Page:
University to bestow seven honorary degrees at 519th Convocation

Distinguished scholars earn honorary degrees in science, humane letters

Steve Koppes
Associate News DirectorUniversity Communications

The University of Chicago will present honorary degrees to seven distinguished scholars during the 519th Convocation on Saturday, June 14 on the Main Quadrangle.

The honorary degree recipients are astronomer Wendy L. Freedman, microbial geneticist Jeffrey I. Gordon, philologist-linguist John Huehnergard, paleontologist Andrew H. Knoll, mathematician Grigoriy Margulis, linguist-philosopher Barbara Partee and statistician-geneticist Terence Speed.

Wendy L. Freedman, a world leader in astronomy and cosmology, will receive a Doctor of Science honorary degree. Freedman is the Crawford H. Greenewalt Director of the Observatories of the Carnegie Institution of Washington in Pasadena, Calif.

Freedman served as scientific leader for a team of 30 astronomers who carried out the Hubble Key Project to measure the current expansion rate of the universe. At the project’s start in the mid-1980s, the age and size of the universe ranged between 10 and 20 billion years. The project’s final results resolved this longstanding debate, determining the age of the universe as 13.7 billion years with an uncertainty of 10 percent. She served as co-leader of the Carnegie Supernova Project to study exploding stars to provide constraints on the nature of dark energy, a mysterious force that appears to be accelerating the expansion of the universe.

Currently, Freedman focuses on measuring both the current and past expansion rate of the universe, and on characterizing the nature of dark energy. She is leading a project to use the Spitzer Space Telescope to measure the expansion rate to an accuracy of three percent.

Freedman is an elected member of the National Academy of Sciences and of the American Philosophical Society. She also is an elected fellow of the American Academy of Arts and Sciences and of the American Physical Society. Additional honors include the American Physical Society’s Magellanic Prize, as well as the Gruber Cosmology Prize.

Angela V. Olinto, the Homer J. Livingston Professor of Astronomy and Astrophysics and department chair, will present Freedman at Convocation.

Jeffrey I. Gordon, MD’73, a pioneer in the study of the genetics and metabolic contributions of beneficial microbes in the human gut, will receive a Doctor of Science honorary degree. Gordon is the Dr. Robert J. Glaser Distinguished University Professor at Washington University in St. Louis.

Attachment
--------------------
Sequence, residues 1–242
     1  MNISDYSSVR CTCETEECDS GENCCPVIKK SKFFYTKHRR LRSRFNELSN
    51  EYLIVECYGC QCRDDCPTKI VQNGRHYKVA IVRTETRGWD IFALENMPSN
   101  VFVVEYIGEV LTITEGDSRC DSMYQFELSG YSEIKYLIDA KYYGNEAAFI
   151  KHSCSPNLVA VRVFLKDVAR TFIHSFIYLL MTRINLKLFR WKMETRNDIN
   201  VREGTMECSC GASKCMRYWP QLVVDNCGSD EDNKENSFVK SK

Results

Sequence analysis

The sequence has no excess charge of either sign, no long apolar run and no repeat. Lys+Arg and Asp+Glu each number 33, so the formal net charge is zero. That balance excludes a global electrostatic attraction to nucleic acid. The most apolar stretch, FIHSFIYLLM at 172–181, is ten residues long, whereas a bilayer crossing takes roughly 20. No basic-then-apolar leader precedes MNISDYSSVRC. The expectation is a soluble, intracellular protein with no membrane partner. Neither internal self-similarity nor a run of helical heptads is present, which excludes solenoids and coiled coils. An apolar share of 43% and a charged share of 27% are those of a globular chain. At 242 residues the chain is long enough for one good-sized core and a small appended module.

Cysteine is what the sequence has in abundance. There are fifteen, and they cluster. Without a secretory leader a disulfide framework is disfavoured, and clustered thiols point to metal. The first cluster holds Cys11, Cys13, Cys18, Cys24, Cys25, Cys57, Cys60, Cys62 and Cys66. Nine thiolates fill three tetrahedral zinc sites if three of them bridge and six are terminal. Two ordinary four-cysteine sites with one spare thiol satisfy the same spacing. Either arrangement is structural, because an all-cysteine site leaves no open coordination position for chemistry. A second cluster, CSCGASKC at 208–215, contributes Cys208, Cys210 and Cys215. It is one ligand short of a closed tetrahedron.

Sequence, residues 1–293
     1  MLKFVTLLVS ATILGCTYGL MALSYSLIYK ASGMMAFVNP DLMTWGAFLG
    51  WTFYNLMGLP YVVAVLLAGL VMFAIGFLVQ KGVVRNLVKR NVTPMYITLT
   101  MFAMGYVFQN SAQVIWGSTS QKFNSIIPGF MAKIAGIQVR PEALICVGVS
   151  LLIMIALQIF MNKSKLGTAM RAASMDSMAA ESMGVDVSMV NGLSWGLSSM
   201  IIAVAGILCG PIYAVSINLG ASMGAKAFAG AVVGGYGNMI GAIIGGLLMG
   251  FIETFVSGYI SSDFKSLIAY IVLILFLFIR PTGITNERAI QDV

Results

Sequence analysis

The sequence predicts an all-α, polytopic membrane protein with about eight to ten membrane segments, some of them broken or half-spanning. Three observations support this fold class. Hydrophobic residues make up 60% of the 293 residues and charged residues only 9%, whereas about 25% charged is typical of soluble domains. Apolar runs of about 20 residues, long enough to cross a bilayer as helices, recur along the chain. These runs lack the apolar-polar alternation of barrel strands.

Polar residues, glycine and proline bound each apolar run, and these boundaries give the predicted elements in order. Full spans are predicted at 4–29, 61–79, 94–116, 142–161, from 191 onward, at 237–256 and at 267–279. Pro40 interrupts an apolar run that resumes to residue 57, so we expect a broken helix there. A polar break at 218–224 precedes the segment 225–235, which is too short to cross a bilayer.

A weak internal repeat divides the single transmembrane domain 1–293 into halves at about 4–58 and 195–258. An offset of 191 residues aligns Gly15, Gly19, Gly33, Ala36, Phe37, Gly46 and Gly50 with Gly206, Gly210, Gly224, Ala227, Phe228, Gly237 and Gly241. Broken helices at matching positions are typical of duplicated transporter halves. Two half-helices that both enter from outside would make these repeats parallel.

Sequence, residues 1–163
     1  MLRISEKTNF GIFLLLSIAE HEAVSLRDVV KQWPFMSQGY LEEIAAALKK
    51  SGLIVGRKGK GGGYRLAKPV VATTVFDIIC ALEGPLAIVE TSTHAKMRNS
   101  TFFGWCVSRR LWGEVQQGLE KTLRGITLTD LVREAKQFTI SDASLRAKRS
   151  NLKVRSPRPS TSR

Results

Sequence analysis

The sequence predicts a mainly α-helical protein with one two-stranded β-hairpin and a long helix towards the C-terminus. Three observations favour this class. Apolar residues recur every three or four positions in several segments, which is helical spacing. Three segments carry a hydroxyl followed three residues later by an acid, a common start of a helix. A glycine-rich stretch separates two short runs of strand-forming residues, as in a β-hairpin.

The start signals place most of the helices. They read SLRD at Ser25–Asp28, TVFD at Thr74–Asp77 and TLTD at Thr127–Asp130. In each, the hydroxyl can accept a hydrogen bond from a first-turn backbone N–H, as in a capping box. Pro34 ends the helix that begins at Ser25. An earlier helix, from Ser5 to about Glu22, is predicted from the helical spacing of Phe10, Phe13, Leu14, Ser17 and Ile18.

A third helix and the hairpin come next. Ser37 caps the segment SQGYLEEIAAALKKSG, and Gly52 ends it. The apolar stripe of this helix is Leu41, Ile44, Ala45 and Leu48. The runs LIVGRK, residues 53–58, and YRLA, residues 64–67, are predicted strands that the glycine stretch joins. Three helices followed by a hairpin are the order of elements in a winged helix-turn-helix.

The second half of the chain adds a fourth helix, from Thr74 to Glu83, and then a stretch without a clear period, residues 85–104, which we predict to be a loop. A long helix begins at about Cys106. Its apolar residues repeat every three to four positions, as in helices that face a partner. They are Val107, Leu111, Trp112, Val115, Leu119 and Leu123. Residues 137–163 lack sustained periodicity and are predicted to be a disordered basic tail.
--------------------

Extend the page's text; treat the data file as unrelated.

Microbial communities in the human gut have been found to profoundly impact human health. They can shape postnatal development and affect physiological, metabolic and immunologic variations and disease predispositions.

Gordon’s studies have helped create a new field of research to better understand how microbes affect these functions. His work has provided an extended view of humans as a composite of species, where microbial genomes have contributed to our evolution.

His group has developed new experimental and computational approaches to identify the characteristics of human gut communities. He and his students now address how gut microbes impact nutrition, including obesity, childhood undernutrition and the metabolism of food. His findings have implications for 21st century medicine, including how changes in cultural traditions, lifestyles, diets, technology and biosphere are impacting human biology.

Gordon has been the research mentor to 120 PhD and MD/PhD students and postdoctoral fellows since he established his lab at Washington University. He is a member of the National Academy of Sciences and the Institute of Medicine of the National Academies, and a fellow of the American Academy of Arts and Sciences and the American Philosophical Society.

Godfrey Getz, the Donald N. Pritzker Professor Emeritus in Pathology, Biochemistry, Molecular Biology and the College, will present Gordon at Convocation.

John Huehnergard, a widely admired scholar of Semitic languages and linguistics, historical linguistics, writing systems and ancient Near Eastern history, will receive a Doctor of Humane Letters.

Huehnergard is professor of Middle Eastern Studies at the University of Texas at Austin, and professor emeritus of Semitic philology at Harvard University. He received his PhD from Harvard University in 1979.

He is the author of several books and many articles on the history and grammar of the Semitic languages, his main area of research. He concentrates on ancient Semitic languages, especially Akkadian—the cuneiform language of ancient Mesopotamia—Aramaic and Hebrew. He is also interested in theoretical aspects of comparative and historical linguistics, and in the history of writing and literacy.

Among current research projects are a revision of the standard lexicon of biblical Hebrew, with his wife and colleague Jo Ann Hackett, and a book on comparative Semitic grammar.

Huehnergard teaches graduate courses on Semitic linguistics and various Semitic languages, and undergraduate courses on the world’s writing systems and on lost languages and decipherment.

His work was the topic of a 2012 Festschrift, Language and Nature, co-edited by Rebecca Hasselbach, associate professor in Near Eastern Languages and Civilizations, and Na’ama Pat-El of the University of Texas at Austin.

Huehnergard was nominated by Dennis Pardee, professor in Near Eastern Languages and Civilizations. Christopher Woods, associate professor in the Oriental Institute and Near Eastern Languages and Civilizations, and the College, will present Huehnergard at Convocation.

Andrew H. Knoll, who, with his students, has provided much of the paleontological evidence for life in the early oceans, along with much of the data used to constrain environmental history in deep time, will receive a Doctor of Science honorary degree. Knoll is the Fisher Professor of Natural History and professor of Earth and planetary sciences at Harvard University.